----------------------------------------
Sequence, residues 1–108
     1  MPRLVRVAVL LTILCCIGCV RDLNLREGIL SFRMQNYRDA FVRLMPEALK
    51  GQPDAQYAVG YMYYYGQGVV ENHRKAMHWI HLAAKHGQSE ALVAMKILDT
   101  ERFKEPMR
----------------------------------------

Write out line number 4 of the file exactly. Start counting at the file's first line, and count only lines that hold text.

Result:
   101  ERFKEPMR